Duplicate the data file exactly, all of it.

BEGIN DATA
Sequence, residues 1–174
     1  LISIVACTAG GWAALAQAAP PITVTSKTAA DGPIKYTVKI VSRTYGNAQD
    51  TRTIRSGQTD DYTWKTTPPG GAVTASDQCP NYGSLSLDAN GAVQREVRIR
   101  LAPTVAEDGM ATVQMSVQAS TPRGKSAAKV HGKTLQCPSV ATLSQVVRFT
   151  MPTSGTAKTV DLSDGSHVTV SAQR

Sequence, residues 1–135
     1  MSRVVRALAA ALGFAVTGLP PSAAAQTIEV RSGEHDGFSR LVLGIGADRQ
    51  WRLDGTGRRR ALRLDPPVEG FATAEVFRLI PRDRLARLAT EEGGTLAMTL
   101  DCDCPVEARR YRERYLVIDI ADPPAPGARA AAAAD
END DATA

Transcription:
Sequence, residues 1–174
     1  LISIVACTAG GWAALAQAAP PITVTSKTAA DGPIKYTVKI VSRTYGNAQD
    51  TRTIRSGQTD DYTWKTTPPG GAVTASDQCP NYGSLSLDAN GAVQREVRIR
   101  LAPTVAEDGM ATVQMSVQAS TPRGKSAAKV HGKTLQCPSV ATLSQVVRFT
   151  MPTSGTAKTV DLSDGSHVTV SAQR

Sequence, residues 1–135
     1  MSRVVRALAA ALGFAVTGLP PSAAAQTIEV RSGEHDGFSR LVLGIGADRQ
    51  WRLDGTGRRR ALRLDPPVEG FATAEVFRLI PRDRLARLAT EEGGTLAMTL
   101  DCDCPVEARR YRERYLVIDI ADPPAPGARA AAAAD